The 6 most active things you can do on an Antarctic cruise
February 21st, 2022 / Burnham Arlidge
For the adventurous and active folks out there, Antarctica offers plenty of opportunities to get your legs moving and your heart pumping.
Whilst much of an Antarctic cruise is spent on the ship, there are daily shore excursion and activities on offer to guests who want them. Shore landings last for several hours at least and there will be set routes for guests to walk around and enjoy the landscape and wildlife. Whilst these hikes are very moderate, they still allow travelers to get their legs moving properly.
For guests wanting a little more activity however, there are a number of options that many Antarctic operators offer. Below we have listed our favorite 6 activities we think you should try in Antarctica. Please note that not all operators offer all these activities, make sure to speak to a specialist to find the right itinerary for you.
If you are looking for an active Antarctic crise, then we suggest the Basecamp cruise.
Sea kayaking is one of the most popular activities you can do in Antarctica. Almost all operators offer kayaking as an extra option, but you’ll need to book early as it fills up quickly.
Sea kayaking allows you to experience Antarctica from an entirely new perspective. Kayaking 360 degrees around an iceberg gives you an incredible vantage point of the landscape, not to mention amazing photo opportunities.
Kayaking also has the advantage of being much quieter than a zodiac. This gives you the chance to get close to the wildlife in a way that zodiacs cannot. Seals and penguins are far less likely to move away from kayaks, giving you the chance to see these beautiful animals up close. It is also not uncommon for whales to approach kayakers as they are very curious creatures. Being feet from a whale is truly unforgettable and worth the extra $900 it costs to kayak.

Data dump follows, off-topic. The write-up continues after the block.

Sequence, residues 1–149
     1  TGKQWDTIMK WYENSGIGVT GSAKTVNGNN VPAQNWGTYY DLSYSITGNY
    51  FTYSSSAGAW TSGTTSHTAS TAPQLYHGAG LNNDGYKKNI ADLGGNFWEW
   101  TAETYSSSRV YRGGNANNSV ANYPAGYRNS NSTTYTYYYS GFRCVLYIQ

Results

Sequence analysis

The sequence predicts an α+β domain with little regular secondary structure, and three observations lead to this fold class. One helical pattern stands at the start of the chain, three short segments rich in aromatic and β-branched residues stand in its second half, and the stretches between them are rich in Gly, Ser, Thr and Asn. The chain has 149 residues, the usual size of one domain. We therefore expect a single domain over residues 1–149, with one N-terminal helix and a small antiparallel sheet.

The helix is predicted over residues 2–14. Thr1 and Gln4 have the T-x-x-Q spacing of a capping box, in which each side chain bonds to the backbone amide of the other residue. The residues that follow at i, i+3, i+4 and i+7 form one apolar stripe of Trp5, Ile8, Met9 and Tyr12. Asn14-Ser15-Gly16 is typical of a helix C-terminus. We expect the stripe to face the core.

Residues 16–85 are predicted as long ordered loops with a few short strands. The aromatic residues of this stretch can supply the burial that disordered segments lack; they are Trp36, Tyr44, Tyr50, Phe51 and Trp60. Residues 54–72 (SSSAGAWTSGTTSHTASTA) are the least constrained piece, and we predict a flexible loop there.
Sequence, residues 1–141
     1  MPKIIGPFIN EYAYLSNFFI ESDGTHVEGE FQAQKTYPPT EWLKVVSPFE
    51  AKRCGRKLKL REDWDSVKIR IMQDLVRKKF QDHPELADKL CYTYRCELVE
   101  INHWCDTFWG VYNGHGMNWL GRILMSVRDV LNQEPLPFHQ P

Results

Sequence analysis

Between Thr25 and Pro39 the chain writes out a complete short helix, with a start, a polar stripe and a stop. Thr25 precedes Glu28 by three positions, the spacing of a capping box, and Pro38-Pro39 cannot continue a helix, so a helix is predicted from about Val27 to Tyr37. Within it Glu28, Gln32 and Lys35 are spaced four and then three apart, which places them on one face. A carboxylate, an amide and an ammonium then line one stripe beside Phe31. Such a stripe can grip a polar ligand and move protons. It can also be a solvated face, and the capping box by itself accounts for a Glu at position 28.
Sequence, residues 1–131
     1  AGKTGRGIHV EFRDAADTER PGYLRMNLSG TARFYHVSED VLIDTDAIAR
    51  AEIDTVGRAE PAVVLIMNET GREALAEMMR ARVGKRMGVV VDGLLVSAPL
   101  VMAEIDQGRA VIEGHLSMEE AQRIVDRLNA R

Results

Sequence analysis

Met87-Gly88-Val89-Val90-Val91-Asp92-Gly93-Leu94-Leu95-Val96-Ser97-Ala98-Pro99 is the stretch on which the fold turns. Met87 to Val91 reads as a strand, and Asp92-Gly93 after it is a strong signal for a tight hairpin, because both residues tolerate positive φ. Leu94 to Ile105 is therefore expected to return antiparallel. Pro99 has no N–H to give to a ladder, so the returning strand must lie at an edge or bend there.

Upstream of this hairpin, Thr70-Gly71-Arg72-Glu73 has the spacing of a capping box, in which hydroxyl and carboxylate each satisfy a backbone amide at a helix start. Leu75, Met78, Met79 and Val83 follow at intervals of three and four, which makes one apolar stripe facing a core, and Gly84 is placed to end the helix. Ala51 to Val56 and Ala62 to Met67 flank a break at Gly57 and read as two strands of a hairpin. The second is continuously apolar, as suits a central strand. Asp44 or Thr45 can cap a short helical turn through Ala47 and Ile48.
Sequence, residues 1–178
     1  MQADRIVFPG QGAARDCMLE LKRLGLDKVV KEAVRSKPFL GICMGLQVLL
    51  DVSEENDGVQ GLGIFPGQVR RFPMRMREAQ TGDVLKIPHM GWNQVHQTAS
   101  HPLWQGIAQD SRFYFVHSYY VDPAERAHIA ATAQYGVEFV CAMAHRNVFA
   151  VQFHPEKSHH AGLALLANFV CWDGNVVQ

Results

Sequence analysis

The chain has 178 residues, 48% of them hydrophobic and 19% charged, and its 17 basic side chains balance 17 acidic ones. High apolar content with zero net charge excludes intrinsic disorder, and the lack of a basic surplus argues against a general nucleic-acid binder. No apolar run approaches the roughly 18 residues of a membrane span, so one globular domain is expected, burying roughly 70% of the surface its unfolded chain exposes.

It is worth noting that kayaking will be attempted most days whilst you are in Antarctica. However, rough seas and poor weather may prevent this. Previous kayaking experience is recommended.
There is nothing in Antarctica that is going to get your heart racing as much as the polar plunge. The polar plunge does what it says on the tin – guests plunge into the cold Antarctic water wearing nothing but their shorts or bikini.
Once again, most operators will offer the polar plunge. Some operators will operate the plunge from the boat, whilst others will go ashore to do it. Deception Island is one of the most popular landing points for the polar plunge as the waters are ever so slightly warmer thanks to the island being a caldera of an active volcano.
The polar plunge is free of charge and open to any guest who wants to give it a go. Afterwards your expedition tram will offer you a stiff drink or two to help get the blood flowing again.
Snorkeling and Diving
For those guests who want to stay in the water longer and explore the world beneath the ice, there is the option to either snorkel or dive in Antarctica.
Because diving is fairly niche, very few operators offer this activity. You will need plenty of previous cold-water diving experience and be able to prove this on your dive log book. For those lucky enough to do it, an entire new world opens up beneath the water. Glowing white icebergs are an absolute highlight, especially when you see the size of them beneath.